Overall employment of butchers and meat, poultry, and fish cutters is expected to grow more slowly than the average for all occupations through 2008. Job growth will be concentrated among lower skilled meat, poultry, and fish cutters, as more meat cutting and processing shifts from retail stores to food processing plants. Nevertheless, job opportunities should be available at all levels of the occupation due to the need to replace experienced workers who transfer to other occupations or leave the labor force.
As the Nations population grows, the demand for meat, poultry, and seafood should continue to increase. Successful marketing by the poultry industry is likely to increase demand for rotisserie chicken and ready-to-heat products. Similarly, the development of lower-fat and ready-to-heat products promises to stimulate the consumption of red meat. Although per capita consumption of fish and other seafood has been constant over the previous decade, population growth is expected to push consumption to record levels in coming years.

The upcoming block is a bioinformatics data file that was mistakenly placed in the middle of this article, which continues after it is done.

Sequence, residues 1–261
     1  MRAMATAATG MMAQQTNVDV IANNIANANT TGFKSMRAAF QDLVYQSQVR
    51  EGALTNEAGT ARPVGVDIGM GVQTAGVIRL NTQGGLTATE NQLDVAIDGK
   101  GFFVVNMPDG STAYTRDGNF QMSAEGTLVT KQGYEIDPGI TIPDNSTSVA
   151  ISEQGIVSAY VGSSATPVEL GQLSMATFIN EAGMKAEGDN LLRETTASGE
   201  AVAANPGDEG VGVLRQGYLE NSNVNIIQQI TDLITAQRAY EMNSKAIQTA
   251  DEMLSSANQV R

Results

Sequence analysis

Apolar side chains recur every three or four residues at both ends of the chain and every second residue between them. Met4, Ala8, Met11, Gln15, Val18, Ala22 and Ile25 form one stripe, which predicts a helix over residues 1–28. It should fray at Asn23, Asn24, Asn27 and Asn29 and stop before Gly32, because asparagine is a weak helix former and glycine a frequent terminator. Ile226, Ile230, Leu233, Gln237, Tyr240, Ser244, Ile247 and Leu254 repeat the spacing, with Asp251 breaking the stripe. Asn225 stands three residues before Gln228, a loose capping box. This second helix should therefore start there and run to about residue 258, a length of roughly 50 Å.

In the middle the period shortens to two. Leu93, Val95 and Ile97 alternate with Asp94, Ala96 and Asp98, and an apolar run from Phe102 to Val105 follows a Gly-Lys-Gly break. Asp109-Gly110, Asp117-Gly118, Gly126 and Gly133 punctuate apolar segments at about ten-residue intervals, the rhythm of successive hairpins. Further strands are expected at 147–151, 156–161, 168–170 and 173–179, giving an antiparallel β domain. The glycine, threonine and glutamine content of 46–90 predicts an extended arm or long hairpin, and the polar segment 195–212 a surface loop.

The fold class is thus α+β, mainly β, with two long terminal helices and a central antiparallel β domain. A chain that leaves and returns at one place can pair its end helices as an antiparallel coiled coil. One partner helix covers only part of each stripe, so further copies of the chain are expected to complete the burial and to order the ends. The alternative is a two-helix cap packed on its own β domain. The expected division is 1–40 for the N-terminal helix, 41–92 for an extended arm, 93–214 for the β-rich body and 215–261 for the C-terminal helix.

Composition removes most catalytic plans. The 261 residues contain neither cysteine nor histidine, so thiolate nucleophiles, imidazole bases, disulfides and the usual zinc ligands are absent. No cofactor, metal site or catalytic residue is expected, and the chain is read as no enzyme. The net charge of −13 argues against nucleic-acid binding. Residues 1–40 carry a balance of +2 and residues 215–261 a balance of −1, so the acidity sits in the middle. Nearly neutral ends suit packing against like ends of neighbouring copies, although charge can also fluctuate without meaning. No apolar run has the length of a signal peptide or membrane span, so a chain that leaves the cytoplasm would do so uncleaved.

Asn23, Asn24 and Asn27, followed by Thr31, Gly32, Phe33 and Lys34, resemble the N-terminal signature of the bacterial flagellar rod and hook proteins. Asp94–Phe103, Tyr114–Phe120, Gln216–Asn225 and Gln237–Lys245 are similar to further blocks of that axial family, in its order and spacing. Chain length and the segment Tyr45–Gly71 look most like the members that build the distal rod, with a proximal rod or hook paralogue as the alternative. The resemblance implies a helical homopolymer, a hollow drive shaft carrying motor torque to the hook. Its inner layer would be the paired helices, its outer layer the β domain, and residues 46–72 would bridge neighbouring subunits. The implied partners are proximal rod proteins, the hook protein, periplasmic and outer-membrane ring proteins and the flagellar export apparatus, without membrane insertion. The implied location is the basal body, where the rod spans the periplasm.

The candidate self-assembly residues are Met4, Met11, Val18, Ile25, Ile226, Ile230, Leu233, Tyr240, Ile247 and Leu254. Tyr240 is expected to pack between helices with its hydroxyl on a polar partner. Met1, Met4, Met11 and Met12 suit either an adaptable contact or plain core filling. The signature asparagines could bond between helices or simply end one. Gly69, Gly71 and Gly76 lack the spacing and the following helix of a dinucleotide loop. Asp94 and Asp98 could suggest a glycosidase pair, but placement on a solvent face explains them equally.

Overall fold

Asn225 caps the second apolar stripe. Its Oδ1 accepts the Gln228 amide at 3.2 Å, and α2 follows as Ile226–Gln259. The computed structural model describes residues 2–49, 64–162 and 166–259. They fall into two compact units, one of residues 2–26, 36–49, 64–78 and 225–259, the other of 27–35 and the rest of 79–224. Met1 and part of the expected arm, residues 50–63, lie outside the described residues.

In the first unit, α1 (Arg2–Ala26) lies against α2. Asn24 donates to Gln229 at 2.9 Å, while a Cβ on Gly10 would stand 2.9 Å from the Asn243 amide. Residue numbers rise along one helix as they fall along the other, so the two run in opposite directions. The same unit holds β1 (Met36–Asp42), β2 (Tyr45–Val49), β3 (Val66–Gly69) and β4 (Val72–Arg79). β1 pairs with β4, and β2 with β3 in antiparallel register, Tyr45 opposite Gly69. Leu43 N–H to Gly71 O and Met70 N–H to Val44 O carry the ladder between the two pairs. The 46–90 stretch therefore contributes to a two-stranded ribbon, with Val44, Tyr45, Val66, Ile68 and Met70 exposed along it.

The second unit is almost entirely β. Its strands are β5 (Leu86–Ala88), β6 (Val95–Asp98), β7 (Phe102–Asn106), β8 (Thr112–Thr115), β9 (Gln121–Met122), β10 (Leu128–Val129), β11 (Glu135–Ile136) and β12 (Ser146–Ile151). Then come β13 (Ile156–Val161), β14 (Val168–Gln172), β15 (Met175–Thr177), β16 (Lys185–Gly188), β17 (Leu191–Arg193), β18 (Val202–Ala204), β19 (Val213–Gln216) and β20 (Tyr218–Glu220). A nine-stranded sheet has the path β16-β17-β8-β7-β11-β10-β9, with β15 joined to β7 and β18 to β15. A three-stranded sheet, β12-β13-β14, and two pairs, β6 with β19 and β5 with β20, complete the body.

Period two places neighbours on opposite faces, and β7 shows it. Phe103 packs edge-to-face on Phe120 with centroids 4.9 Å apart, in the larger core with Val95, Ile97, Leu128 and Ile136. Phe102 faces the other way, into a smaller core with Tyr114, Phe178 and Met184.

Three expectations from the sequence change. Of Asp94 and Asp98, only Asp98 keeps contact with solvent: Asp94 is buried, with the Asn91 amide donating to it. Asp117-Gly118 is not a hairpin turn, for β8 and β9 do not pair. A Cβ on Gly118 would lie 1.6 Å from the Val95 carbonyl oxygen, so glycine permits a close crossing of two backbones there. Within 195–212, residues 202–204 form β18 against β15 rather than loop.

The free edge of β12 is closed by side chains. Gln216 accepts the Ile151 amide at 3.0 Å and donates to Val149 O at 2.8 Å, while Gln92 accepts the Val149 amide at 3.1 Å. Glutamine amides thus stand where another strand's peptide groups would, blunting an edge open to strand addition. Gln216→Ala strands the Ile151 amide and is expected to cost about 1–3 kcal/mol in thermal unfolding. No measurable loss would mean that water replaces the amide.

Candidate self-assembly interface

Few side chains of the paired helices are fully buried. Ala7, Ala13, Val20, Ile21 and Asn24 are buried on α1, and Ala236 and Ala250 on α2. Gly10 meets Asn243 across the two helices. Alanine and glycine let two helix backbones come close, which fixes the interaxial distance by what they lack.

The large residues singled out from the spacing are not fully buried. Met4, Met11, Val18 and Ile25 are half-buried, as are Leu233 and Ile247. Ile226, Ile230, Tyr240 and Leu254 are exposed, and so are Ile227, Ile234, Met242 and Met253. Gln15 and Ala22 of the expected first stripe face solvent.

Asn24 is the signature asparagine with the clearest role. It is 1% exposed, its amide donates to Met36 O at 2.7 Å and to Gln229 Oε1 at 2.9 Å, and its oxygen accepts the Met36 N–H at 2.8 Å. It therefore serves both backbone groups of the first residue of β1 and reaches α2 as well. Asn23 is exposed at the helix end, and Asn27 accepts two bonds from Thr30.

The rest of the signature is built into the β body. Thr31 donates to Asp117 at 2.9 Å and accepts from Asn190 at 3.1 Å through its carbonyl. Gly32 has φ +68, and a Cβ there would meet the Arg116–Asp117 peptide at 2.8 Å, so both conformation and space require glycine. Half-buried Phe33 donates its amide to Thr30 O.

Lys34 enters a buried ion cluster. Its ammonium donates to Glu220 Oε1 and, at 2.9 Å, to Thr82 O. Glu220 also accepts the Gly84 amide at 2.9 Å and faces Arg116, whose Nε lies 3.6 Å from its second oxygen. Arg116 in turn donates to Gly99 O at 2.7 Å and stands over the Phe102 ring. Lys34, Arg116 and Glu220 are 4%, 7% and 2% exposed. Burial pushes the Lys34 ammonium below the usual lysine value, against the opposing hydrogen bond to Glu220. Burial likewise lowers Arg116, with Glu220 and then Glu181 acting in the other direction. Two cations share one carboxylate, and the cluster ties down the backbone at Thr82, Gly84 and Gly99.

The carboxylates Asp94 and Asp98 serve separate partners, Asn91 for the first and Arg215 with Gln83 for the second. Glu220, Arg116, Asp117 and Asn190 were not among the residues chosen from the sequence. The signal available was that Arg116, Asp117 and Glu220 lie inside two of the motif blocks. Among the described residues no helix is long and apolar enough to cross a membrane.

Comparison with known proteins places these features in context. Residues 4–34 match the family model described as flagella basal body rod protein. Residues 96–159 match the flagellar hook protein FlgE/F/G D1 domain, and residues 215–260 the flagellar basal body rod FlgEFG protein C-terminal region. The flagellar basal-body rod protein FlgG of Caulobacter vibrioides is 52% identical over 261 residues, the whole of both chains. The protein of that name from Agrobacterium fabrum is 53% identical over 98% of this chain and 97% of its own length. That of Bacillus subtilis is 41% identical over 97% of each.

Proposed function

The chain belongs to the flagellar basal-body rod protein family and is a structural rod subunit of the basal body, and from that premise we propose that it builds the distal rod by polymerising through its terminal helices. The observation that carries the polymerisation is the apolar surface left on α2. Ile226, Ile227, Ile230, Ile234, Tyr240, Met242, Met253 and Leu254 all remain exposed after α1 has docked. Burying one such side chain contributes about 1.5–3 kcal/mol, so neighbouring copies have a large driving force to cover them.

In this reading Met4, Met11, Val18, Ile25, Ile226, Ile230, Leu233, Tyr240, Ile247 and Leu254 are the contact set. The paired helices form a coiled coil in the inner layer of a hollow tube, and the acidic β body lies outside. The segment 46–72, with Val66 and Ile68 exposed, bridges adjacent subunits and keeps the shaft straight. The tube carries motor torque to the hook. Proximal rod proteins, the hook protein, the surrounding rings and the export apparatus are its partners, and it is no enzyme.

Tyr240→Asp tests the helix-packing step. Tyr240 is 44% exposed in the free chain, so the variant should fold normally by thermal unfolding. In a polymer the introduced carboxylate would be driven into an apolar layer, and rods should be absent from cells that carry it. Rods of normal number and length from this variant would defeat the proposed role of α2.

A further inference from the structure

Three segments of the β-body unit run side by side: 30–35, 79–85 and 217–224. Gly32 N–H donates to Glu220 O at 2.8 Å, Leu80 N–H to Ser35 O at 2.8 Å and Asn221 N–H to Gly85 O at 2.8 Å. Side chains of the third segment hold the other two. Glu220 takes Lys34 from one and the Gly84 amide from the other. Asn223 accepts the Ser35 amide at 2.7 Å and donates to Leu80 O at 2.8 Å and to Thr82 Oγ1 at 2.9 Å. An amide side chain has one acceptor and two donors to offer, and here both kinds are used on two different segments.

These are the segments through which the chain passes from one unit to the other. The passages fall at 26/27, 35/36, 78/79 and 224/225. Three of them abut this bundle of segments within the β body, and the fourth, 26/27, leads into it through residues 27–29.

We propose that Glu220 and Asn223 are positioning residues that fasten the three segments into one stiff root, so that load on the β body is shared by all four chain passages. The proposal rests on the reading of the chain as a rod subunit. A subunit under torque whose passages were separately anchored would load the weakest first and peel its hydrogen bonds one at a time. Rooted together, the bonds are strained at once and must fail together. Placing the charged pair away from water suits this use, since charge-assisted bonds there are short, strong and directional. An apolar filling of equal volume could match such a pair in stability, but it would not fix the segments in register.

Employment growth of lower skilled meat, poultry, and fish cutterswho work primarily in meatpacking, poultry, and fish processing plantsis expected to increase faster than the average for all occupations in coming years. Although much of the production of poultry and fabricated poultry products is performed by machines, the growing popularity of labor-intensive, ready-to-heat goods promises to spur demand for poultry workers. Meat and fish cutters also will be in demand, as the task of preparing ready-to-heat meat and fish goods slowly shifts from retail stores to processing plants. Although the supply of edible ocean fish is limited, advances in fish farming, or "aquaculture," should help meet the growing demand for fish and produce ample opportunities for fish cutters.